This law may matter to you if your loved one went missing or was murdered more than three years ago and the case is still unsolved. Over the next year, law enforcement agencies are supposed to set up a system allowing you to submit your family member's federal cold case for review. Investigators get six months to look into it, then they'll decide whether or not to reopen the case.
As of now, there's no information on what setting up this program could cost, or who's paying for it.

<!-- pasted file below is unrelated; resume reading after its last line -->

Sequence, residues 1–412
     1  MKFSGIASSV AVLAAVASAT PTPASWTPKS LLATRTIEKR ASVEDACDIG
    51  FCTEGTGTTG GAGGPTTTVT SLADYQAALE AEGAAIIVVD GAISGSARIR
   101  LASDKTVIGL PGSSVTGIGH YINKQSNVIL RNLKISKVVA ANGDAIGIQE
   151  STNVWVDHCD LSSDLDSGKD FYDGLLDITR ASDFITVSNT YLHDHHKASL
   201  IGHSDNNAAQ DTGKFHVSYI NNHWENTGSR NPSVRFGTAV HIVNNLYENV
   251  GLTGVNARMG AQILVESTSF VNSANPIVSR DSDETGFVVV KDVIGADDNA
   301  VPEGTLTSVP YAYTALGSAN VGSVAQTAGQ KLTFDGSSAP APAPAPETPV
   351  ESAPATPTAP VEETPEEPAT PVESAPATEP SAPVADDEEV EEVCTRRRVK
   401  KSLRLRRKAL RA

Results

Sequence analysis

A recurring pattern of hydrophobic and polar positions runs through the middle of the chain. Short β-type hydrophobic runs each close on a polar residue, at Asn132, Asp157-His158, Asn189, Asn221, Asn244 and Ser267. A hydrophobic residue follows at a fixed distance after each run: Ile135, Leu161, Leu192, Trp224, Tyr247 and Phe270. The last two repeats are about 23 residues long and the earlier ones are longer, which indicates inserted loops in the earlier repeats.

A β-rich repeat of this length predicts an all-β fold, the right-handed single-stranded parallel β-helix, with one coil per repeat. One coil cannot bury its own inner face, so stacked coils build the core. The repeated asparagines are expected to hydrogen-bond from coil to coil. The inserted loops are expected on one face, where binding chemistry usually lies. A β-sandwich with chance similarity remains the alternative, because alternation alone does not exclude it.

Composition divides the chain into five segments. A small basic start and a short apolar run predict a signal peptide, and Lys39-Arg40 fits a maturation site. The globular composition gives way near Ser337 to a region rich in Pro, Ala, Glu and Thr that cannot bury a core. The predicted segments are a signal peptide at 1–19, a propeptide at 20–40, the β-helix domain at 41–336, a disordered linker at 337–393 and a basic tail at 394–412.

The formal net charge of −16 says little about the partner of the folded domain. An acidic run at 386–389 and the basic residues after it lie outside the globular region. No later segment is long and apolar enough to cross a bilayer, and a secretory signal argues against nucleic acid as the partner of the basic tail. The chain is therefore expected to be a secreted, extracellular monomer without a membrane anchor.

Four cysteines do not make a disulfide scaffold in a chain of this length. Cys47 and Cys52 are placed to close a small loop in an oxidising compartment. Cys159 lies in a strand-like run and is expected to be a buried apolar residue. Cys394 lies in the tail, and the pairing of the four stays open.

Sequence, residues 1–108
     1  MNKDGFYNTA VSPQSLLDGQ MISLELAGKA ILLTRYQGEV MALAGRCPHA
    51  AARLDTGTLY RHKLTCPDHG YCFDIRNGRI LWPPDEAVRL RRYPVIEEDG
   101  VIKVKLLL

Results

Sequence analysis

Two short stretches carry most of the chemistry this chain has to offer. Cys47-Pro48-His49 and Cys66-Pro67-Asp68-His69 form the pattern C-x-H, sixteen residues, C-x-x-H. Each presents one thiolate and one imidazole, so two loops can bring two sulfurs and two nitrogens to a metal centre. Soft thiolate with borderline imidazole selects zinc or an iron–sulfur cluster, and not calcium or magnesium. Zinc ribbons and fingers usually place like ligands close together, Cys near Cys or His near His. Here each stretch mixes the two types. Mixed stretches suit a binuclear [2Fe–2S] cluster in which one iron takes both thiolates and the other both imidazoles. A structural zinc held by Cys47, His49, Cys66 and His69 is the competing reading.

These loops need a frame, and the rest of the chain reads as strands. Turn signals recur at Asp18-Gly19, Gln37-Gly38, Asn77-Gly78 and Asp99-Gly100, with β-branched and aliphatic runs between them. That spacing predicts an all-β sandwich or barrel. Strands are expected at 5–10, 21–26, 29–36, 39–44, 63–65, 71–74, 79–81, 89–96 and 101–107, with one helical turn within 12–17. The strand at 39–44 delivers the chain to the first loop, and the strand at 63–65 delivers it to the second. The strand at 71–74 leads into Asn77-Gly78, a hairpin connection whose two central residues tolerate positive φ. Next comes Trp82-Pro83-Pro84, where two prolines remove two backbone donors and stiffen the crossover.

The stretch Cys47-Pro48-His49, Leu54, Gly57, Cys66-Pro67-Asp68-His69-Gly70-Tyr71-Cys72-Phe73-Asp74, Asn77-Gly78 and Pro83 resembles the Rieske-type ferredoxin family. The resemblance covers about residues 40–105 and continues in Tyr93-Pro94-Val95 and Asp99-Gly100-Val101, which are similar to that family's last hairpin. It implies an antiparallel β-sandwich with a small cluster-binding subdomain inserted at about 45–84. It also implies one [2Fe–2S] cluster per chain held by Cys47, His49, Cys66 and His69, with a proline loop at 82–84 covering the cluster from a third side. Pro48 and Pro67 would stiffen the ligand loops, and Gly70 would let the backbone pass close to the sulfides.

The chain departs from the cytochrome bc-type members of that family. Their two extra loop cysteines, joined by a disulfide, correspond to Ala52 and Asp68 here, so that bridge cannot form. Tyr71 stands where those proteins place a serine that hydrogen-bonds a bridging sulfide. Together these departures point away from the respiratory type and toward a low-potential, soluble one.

As for this mystery woman, the feds and HPD are working her case together. Her family doesn't yet know her tragic ending. They may not even know she's dead. But, Roger says, she has him - and he'll keep pushing.
"One of these days we're going to find out," he says. "I got her sketch on my computer. I see it every day. We have to find out who she is. We have to start there."
We repeatedly reached out to Congresswoman Sheila Jackson Lee (D-TX-18) and Sylvia Garcia (D-TX-29) who also co-sponsored the bill, but neither were able to make time for an interview due to scheduling conflicts. Neither provided a comment for this story.